Incense Cedar Scales
Have you ever noticed charcoal-colored bark on the trunks of certain incense cedars (Calocedrus decurrens)? It appears as if the trees have been scorched in a forest fire. The black that you are seeing is a non-pathogenic fungus called sooty mold (Arthrobotryum spongiosum). What causes the mold to grow? Why does sooty mold grow on some incense cedars and not others? Does the mold harm the cedars? What do you do if you have this problem? These are questions that you might ask if you have encountered sooty mold in your yard.
The causal agent for the mold growth is incense cedar scale (Xylococculus macrocarpae). Also known as Monterey cypress scale, it invades both incense cedar and Monterey cypress. Scale is a type of tiny, sucking insect. This type of scale is soft-bodied, oval-shaped and has mouth parts that feed on cedar sap. Females lay eggs once a year on cedar foliage. Crawlers (baby scale insects) emerge from eggs, then molt into legless, immobile adults. Incense cedar scale excretes a sugary substance called honeydew that adheres to the cedars. Sooty mold is found growing in the areas where the honeydew accumulates-the mold obtains its nourishment from the honeydew. So, indirectly, incense cedar scale causes sooty mold to grow on cedars.
Sooty mold is commonly found on the trunks of small trees. This is because incense cedar scale prefers the underside of loose flaky bark typically found on the smaller cedars or, sometimes, the limbs of larger ones. White waxy threads surround the scale under the bark. Since fungi thrive in dark, moist places, the growth of sooty mold is predominant in areas that receive minimal amounts of sunlight. As a result, small cedars in dense stands exhibit a greater abundance of ‘black bark' than those in isolation. Also, growth of the mold typically occurs on lower portions of trees that are shaded compared to upper portions that are exposed to sunlight. Interestingly, infestations of scale are more commonly found in native groupings of cedars than those found in urban areas.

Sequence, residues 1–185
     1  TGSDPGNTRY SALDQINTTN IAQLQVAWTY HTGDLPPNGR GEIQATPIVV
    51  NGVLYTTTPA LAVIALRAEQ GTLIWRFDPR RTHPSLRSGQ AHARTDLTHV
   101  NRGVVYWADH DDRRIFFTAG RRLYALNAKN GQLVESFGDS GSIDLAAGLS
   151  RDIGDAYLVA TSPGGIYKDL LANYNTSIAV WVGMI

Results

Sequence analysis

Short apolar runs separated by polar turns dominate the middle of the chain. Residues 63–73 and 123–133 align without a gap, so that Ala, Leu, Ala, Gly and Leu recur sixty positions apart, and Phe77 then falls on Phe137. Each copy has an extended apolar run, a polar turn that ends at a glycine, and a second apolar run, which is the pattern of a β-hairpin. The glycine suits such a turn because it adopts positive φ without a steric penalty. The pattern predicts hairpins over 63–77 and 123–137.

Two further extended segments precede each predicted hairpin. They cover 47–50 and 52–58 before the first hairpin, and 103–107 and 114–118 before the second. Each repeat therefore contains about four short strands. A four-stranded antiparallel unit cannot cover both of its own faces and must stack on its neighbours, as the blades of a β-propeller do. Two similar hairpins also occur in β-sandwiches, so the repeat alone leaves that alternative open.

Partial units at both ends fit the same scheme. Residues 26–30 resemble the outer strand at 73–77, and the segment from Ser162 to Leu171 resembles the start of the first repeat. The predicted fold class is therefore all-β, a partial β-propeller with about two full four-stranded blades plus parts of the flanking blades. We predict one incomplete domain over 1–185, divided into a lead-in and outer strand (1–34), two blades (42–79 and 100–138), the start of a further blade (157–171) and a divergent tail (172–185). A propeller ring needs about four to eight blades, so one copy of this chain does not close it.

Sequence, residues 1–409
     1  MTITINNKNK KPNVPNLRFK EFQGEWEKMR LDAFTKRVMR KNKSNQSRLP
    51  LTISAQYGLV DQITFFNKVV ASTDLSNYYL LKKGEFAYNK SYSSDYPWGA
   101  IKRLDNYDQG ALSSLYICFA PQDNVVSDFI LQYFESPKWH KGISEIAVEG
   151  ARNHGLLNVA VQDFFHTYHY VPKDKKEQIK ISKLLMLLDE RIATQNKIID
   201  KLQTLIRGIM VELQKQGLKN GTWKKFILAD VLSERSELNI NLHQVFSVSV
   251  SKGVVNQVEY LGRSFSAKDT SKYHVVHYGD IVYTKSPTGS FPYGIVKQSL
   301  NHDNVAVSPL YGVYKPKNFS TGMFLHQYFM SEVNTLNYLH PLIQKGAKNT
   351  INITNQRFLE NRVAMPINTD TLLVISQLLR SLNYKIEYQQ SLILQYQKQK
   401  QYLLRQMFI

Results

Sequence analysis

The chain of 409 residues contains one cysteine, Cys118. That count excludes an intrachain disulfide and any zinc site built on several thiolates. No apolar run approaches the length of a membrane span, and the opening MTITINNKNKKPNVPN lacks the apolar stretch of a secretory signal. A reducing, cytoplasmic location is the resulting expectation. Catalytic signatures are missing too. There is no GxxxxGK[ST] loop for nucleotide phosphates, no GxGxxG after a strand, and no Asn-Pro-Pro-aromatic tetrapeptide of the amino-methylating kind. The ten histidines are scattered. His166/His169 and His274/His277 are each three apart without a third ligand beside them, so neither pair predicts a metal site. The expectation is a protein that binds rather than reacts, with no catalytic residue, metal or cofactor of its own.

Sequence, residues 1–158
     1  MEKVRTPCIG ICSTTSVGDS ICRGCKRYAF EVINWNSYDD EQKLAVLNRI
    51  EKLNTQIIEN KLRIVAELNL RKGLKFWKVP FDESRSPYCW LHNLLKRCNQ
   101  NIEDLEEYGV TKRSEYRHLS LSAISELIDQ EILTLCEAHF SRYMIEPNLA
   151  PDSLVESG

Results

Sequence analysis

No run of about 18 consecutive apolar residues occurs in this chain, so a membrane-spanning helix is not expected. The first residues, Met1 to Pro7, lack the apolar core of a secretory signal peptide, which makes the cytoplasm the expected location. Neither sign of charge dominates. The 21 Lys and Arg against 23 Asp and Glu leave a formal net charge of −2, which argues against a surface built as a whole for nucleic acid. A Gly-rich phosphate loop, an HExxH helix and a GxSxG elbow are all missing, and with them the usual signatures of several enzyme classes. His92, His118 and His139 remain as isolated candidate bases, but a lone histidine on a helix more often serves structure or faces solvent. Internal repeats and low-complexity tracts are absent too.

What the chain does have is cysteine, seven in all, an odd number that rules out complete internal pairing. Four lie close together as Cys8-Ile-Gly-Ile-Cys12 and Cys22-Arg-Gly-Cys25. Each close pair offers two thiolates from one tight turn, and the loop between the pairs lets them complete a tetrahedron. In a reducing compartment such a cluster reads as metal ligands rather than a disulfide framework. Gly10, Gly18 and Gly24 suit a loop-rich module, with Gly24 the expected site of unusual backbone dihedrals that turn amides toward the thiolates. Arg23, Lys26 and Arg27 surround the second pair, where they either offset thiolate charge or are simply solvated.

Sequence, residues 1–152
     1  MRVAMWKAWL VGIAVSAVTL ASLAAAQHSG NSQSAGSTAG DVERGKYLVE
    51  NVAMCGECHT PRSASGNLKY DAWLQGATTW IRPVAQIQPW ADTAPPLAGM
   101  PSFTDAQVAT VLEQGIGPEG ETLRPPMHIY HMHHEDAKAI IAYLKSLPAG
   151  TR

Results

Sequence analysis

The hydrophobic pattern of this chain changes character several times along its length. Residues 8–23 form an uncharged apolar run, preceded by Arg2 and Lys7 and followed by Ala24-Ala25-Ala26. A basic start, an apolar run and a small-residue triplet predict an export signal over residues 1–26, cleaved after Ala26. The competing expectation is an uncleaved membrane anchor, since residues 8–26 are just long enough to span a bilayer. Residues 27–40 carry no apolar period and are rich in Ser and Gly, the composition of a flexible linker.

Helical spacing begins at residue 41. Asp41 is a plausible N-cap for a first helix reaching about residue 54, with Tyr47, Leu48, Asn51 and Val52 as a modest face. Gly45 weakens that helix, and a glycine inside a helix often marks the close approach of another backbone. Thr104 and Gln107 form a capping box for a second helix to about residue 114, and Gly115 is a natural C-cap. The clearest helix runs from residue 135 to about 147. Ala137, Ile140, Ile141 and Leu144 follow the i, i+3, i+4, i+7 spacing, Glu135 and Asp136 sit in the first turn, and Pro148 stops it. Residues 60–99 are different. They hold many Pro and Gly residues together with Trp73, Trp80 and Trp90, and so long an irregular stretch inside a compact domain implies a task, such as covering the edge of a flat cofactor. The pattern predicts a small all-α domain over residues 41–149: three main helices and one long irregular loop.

Scale insects are usually not harmful to a tree's vigor. Birds forage for scale on cedar bark during winter months when other insects are scarce, reducing the density of scale and keeping the populations in check. However, a heavy abundance of scale insects, particularly on the foliage of young trees, can be deleterious and cause cedar leaves to turn yellow or red. These color changes result in impaired photosynthesis which eventually leads to dieback of treetops and to gradual death of the trees.
Action against incense cedar scale should only be taken if the infestation of a tree is severe or if the damage to the tree is unacceptable. If a tree's health has greatly deteriorated, remove the tree. Applications of horticultural oils to the bark can help control scale infestation. Non-stressed trees are more apt to resist invasions of scale so be sure that your cedars are growing under optimal conditions: adequate water, fertile soil that drains well, and full to near-full sunlight.
To reiterate, the sooty mold growing on your incense cedars is attracted to and nourished by the honeydew produced by tiny insects called scale. Scale (and sooty mold) is typically found on young trees found in dense stands. Thinning dense stands may improve the health of your trees; however, in most cases, you do not need to worry about scale infestations on your incense cedars.
The good news is that an infestation of cedar scale is usually not as dire as the blackened bark might indicate. You only need to worry if it begins to take over enough of the tree to compromise its health.
Kathi Joye is a higher-elevation Master Gardener whose landscaping practices support a naturalized environment.